Mike Tomlin, minus some heart and soul

In the two weeks leading to the Super Bowl, armies of world-weary journalists pour out oceans of ink in utterly predictable stories about the two teams that are playing in The Big Game. There are, of course, profiles of the quarterbacks -- along with daily updates on how they are feeling. There is the great comeback story, the guy who was down but now has a chance at redemption. There is the unsung team leader story. There's the tragic injury story, including the occasional profile of the cheerleader who pulled her hamstring at the last minute, days before the big dance of her life.

Folks, journalists don't scratch the bottom the the barrel this time of year. They map it and then dig underneath.

It matters little if some of the stars in the game are already famous and have been profiled over and over and over and over. It doesn't matter if their team -- let's say the Pittsburgh Steelers -- are consistently excellent and they have starred on this stage before or even recently.

Profiles will be written. Great insights will be found, somehow, insights that will impress editors and receive acres of space in newspapers and online. When did the Super Bowl XLV pregame show start? Last week?

With all of that in mind, please click here and read a completely predictable Washington Post mini-profile of Mike Tomlin, the excellent and frightfully young (38 years old) head coach of the Steelers.

Insights? This is about as close as this hopefully inspirational story gets:

Tomlin's Steelers players praise him as a motivator. He strikes a balance between being stoic and buoyant, quickly shifting one way or the other depending on the situation.

"He knows how to push buttons," said nose tackle Chris Hoke. "He knows how to get us focused and get us going. He has a certain message for every week, and he pounds that message in every single day."

Says defensive end Brett Keisel: "He understands the makeup of this team, and I think that's what great coaches do. When it's time to push us, he pushes us. When it's time to pull the reins back, he pulls the reins back. That's the makeup of a great coach, understanding your players."

Can't you just feel the emotional bonds there? Me neither. He knows how to push buttons? Whoa.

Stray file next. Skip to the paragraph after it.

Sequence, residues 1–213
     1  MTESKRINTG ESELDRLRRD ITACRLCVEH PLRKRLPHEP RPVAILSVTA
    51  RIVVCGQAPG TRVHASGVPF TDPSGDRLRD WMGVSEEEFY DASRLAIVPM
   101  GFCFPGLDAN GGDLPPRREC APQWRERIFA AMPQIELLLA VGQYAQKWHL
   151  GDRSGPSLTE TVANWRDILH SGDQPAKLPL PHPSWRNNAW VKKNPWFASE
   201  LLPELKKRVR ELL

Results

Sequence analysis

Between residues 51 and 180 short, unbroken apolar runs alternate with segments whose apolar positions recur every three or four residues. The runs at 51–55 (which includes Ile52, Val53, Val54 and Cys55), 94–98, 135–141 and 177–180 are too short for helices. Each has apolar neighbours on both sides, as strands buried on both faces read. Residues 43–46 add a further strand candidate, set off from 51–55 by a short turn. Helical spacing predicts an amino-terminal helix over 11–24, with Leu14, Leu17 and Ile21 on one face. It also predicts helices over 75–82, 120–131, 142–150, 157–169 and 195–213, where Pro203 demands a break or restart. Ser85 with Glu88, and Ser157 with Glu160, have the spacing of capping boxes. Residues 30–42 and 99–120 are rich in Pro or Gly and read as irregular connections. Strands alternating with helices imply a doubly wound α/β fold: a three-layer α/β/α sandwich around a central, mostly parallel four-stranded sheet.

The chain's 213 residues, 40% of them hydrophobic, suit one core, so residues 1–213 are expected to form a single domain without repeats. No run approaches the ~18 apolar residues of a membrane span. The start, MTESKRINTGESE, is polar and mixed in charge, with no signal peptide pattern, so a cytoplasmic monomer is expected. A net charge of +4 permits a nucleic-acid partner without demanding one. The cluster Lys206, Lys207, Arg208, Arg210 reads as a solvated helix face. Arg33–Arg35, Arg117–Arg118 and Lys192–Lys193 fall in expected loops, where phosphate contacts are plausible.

Yet if you watch Steelers games -- I live in Baltimore and have seen more than a few -- you know that the players would run through walls for Tomlin. There is fire there and there seems to be a stunning amount of trust and respect. So what's the crucial element? The tie that binds?

Now I am not saying that the following Baptist Press feature on Tomlin is the be all and the end all of pre-Super Bowl features. I already knew that Tomlin -- like his mentor Coach Tony Dungy -- was a strong believer. Nevertheless, the story does contain new information, images and anecdotes and, during the days before the Super Bowl, that is rare. Most of all, it makes me wonder if that Post feature needed to consider whether or not actual faith was mixed into the hard facts of the story its feature was covering.

I especially like that the story makes it clear that Tomlin, as a believer, is in the minority of the institution that he is leading. He needs everyone's respect, not just the folks in his prayer group. That's reality. Check out this chunk of the story.

Looking up at the colossal dome of Cowboys Stadium on Tuesday, Tomlin used words like "blessed" and "humbled" to describe being on the world stage again in arguably the biggest sports and entertainment spectacle on the planet. If being the youngest coach to win the big game is important to him, he doesn't let on.

"It's down the list, to be quite honest with you," Tomlin told Baptist Press. "I'm a husband. I'm a father of three. I'm blessed enough to be the head coach of this group of men, countless other things. I'm a brother. I'm a son. It's down the list."

Such priority comes from a public but gently stated Christian faith. Tomlin doesn't quote Scripture every time a microphone is near, but he doesn't shy away when asked about it either.

"It provides a confidence, not only for me but for everyone who's a believer," Tomlin said as media crowded around him. "Football is what we do; it's not who we are. It is our job, it is our business. We all are very passionate about it, we all want to do very well at it, but [faith] keeps it in perspective."

That theme -- "football is a job, it's not who we are" -- was prevalent among the Christian players at media day. Tomlin's example has influenced his team in the most difficult of seasons, even if the committed believers on the team are the minority, as they are in most workplaces.

Does faith need to dominate the story? No. Yet, when I read the Post story, it seems like something is missing. It does seem that religion is part of the Tomlin story. For sure.

Edit the two pieces together, maybe?

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